Many people make New Year’s resolutions. Whether they are to lose weight, exercise more or learn a new skill, they often fail. In this post I want to show what pitfalls can be and suggest some good ways of making resolutions stick. Problem: Not having clear actionable goals If you’re not following through on your goals, that might simply be due to a lack of clarity about what they are. For example, “Learn X” is a bad goal because it doesn’t state what exactly you’ll do to learn X, which methods you use, how long you’ll practice or when and where. Swap unclear goals like these with something very concrete and plan when you’ll do it. Is it supposed to become a habit part of your pre-existing daily routine (recommened) or do you see it like an appointment? Then put it in your calender (on auto-repeat so it gets scheduled every week). (You can read some more about this here.)
What is the difference between 12pt and “format as heading“? Between 50px or 0.5\textwidth? Most of us know that we should always prefer relative to absolute values. But many who are new to webdesign or LaTeX don’t really get why. All of us who typeset papers and conference proceedings know that years of using MS Word does not necessarily teach you that difference either. This short post will try to remedy this in a quick and painless way 😉 In a WYSIWYG texteditor: Fontsize 12pt or “Format as Heading” In the case of a text editor, it is advisable to use the format templates rather than manually changing headings and so on for simple reasons: The information is stored as markup and if we tell the program what we want formatted as a heading, the machine gets semantic information about the text. Most people will understand that something is meant to be a heading when the font size is manually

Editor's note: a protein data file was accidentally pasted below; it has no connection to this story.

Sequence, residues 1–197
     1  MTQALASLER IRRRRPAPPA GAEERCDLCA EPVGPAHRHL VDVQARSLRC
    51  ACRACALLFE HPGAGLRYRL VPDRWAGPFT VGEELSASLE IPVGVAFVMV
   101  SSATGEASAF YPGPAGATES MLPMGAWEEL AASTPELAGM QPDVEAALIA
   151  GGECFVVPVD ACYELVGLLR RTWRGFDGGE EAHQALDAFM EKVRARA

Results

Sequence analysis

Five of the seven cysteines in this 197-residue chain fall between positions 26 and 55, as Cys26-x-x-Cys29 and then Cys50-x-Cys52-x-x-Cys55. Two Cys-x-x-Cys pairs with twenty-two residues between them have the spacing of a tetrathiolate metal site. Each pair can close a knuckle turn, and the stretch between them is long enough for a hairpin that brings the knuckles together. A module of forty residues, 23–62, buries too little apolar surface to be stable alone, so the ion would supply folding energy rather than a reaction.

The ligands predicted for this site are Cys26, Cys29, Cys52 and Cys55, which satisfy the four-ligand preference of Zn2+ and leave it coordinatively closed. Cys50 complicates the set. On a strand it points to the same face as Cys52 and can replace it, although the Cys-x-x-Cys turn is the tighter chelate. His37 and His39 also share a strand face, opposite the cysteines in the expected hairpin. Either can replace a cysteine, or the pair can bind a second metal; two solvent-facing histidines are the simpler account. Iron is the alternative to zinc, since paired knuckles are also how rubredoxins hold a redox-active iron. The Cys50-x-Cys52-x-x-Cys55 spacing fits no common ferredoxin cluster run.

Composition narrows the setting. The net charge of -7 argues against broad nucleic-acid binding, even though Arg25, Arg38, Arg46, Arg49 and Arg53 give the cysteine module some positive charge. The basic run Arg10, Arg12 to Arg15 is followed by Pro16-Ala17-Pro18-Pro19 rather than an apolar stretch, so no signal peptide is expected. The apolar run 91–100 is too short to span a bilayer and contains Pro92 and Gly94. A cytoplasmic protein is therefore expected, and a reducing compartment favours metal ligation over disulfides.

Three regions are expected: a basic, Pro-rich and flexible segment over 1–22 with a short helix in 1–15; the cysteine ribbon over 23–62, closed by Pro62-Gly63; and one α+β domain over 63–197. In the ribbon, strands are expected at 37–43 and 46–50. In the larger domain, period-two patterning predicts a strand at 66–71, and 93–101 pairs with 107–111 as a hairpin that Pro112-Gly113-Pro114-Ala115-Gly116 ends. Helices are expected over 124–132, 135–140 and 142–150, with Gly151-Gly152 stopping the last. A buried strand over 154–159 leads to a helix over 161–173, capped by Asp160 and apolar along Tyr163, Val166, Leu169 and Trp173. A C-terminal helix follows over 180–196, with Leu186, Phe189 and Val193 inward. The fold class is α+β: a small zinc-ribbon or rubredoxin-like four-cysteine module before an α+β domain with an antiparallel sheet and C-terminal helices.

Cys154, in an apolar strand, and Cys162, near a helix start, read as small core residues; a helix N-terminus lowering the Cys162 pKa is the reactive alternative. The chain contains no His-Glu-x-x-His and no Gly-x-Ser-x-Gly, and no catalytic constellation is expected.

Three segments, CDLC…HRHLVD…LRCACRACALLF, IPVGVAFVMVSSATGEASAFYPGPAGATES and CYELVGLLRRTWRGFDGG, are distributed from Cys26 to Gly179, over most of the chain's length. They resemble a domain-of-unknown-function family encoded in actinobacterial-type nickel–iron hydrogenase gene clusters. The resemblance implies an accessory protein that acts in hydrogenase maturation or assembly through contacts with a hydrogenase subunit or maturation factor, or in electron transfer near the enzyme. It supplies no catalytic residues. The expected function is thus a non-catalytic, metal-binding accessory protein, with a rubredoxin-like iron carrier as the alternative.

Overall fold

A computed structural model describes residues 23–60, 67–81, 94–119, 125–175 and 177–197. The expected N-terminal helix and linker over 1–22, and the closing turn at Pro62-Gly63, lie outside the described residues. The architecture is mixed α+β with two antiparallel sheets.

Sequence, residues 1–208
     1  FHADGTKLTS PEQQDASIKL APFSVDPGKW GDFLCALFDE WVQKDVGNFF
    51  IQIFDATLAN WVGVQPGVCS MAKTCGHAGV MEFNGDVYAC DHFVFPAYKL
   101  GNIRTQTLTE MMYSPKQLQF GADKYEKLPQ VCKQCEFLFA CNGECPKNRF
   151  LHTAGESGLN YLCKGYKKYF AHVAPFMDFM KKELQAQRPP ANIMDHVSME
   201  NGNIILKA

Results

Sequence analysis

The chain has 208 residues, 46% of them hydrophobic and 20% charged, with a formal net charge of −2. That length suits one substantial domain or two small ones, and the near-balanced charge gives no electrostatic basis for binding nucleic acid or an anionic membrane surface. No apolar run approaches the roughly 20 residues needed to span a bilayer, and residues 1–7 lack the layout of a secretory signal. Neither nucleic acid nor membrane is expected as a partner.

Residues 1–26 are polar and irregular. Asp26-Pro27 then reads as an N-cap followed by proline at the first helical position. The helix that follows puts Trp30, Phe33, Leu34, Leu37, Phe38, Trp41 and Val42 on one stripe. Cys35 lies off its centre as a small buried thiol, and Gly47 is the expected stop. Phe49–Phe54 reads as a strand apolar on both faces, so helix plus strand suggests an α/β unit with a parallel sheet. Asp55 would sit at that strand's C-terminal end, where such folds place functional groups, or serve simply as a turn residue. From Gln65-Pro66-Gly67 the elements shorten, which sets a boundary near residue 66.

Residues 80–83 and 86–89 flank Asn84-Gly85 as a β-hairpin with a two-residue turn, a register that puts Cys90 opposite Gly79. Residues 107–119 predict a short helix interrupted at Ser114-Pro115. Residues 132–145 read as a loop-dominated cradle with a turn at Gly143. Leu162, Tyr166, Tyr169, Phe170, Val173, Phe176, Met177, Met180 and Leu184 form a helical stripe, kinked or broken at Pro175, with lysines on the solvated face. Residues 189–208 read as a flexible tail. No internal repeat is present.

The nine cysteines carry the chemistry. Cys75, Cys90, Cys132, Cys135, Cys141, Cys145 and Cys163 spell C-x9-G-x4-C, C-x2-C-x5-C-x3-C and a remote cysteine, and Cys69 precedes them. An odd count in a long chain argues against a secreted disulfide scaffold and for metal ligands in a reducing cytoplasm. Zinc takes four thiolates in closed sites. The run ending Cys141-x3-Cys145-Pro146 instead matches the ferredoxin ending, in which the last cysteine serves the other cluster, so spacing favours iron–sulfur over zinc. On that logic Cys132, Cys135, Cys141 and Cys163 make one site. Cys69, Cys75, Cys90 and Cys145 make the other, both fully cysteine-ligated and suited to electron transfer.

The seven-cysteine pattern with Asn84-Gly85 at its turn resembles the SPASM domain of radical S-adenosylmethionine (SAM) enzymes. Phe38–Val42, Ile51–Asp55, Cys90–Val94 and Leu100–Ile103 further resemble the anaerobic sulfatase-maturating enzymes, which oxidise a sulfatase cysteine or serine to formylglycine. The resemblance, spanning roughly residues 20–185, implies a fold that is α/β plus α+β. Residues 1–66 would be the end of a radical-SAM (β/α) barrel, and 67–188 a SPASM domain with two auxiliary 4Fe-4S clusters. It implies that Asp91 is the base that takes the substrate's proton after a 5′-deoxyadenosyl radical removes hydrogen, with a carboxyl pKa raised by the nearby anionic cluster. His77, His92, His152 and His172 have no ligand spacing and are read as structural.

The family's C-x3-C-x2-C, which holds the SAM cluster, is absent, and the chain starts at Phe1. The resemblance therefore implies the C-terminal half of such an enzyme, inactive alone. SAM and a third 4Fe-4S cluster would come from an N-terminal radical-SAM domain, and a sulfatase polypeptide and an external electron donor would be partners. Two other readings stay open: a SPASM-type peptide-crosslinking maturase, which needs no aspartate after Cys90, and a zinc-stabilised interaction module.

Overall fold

Annotation is a fundamental part of the DH. But often, us DH people don’t actually do the annotation. We do